photo of Jordan Macknick
USDOE National Renewable Energy Laboratory • Lead Energy-Water-Land Analyst

Jordan Macknick is the Lead Energy-Water-Land Analyst for the National Renewable Energy Laboratory. He is a member of the Strategic Energy Analysis Center’s Systems Modeling team within the Resources and Sustainability Group. Jordan’s primary work addresses the environmental impacts of energy technologies, while seeking opportunities for energy and ecological synergies. In his energy-water-land leadership capacity, Jordan analyzes national and regional implications of different energy pathways in the context of water and land resources, evaluates opportunities to improve the energy management of water infrastructure, and explores innovative approaches to co-locating solar and agricultural activities.  Jordan received his BA in Mathematics and Environmental Studies from Hamline University in 2005, and his Master of Environmental Science degree in Transboundary Natural Resource Policy from Yale in 2009.  Jordan’s areas of expertise include systems modeling of energy and water infrastructure interactions, renewable-powered water treatment systems, meta-analysis of diverse data sets, and low-impact renewable energy development.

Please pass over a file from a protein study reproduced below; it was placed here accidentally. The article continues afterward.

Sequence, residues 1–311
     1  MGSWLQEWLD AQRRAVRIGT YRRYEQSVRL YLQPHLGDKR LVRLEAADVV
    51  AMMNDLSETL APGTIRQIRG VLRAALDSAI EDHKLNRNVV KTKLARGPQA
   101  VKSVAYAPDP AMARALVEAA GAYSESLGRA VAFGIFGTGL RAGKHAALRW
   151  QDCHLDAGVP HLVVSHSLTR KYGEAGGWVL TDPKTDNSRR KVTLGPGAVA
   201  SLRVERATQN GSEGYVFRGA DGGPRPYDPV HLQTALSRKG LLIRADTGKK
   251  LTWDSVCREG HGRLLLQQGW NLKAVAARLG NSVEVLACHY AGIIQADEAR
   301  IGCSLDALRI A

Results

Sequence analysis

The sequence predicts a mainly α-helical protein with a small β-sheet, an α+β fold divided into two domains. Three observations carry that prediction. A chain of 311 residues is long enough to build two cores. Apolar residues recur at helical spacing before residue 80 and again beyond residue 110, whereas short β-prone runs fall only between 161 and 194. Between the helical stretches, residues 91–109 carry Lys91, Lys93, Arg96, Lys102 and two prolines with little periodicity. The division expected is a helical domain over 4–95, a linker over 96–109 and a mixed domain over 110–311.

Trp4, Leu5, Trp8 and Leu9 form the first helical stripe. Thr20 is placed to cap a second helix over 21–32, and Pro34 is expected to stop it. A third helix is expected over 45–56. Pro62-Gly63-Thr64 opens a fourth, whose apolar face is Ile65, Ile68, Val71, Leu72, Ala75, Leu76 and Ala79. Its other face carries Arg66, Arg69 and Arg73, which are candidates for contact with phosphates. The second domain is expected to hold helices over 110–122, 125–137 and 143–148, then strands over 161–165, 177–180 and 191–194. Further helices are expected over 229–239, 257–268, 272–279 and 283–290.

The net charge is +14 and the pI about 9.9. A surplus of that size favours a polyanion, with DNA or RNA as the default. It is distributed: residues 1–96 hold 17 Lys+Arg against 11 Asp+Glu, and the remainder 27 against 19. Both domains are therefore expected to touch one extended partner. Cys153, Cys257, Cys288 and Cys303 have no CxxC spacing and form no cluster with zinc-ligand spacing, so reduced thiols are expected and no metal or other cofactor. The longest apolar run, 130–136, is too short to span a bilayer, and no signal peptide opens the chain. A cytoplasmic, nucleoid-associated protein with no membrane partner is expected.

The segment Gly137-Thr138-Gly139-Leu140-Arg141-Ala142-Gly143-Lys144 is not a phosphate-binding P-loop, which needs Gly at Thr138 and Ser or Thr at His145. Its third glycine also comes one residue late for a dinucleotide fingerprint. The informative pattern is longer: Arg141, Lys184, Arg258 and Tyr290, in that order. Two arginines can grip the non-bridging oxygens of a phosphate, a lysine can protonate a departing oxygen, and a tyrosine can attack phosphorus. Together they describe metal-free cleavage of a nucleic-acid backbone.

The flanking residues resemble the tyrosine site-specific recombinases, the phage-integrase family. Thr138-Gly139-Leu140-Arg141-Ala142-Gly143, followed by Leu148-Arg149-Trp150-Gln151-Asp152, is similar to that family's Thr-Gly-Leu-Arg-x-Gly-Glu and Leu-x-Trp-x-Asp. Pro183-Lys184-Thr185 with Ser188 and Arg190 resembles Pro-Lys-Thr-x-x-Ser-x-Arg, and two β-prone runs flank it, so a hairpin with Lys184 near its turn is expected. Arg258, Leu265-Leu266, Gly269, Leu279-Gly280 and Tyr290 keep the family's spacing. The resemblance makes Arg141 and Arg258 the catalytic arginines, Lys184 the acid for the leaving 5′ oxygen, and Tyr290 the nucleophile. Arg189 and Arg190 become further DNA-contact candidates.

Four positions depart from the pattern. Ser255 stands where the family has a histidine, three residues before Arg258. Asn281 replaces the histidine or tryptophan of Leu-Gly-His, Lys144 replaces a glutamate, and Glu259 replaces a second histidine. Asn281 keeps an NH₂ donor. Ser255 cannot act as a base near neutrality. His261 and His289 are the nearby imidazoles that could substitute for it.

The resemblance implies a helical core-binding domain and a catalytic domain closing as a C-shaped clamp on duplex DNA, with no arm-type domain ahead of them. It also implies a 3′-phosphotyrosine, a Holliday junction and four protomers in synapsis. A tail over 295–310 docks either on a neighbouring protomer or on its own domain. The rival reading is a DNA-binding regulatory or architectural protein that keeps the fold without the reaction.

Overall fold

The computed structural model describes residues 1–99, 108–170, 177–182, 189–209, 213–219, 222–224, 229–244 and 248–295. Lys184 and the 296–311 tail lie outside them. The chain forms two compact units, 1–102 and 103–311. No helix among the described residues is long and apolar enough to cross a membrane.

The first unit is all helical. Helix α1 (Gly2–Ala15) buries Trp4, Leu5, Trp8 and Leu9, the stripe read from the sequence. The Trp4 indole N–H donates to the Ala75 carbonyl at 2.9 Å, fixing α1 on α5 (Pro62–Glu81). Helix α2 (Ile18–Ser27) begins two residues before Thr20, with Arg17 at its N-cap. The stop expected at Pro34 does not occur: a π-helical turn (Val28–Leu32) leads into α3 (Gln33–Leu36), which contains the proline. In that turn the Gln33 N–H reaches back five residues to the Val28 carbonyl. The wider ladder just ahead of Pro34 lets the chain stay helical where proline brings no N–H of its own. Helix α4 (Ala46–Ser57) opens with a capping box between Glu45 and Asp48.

Title: Transformation of Colorado’s Energy Sector – The energy sector is closely integrated with other sectors of the economy and society. As innovations lead to changes in individual energy technologies and broader energy systems, other parts of society will co-evolve, leading to new challenges and opportunities. The National Renewable Energy Laboratory (NREL) is at the forefront of developing new energy-efficiency, energy-generating, and energy-storage technologies that could drastically alter the nation’s and the state’s energy sectors. These advancements are closely tied to the changing needs of the agricultural, mining, manufacturing, building, water treatment, and transportation sectors. Systems-level perspectives can help us better understand how technological innovations can be best integrated into existing infrastructure, or when more significant transformations are necessary.